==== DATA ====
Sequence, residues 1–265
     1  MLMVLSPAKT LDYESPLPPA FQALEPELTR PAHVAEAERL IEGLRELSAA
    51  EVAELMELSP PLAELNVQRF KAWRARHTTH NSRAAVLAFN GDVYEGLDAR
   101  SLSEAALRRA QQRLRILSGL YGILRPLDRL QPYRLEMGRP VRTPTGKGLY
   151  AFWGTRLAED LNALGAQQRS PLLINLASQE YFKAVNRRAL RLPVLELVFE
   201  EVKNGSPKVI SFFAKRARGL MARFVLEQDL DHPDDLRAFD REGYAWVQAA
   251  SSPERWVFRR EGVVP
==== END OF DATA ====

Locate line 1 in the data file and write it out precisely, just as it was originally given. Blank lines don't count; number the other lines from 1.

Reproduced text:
Sequence, residues 1–265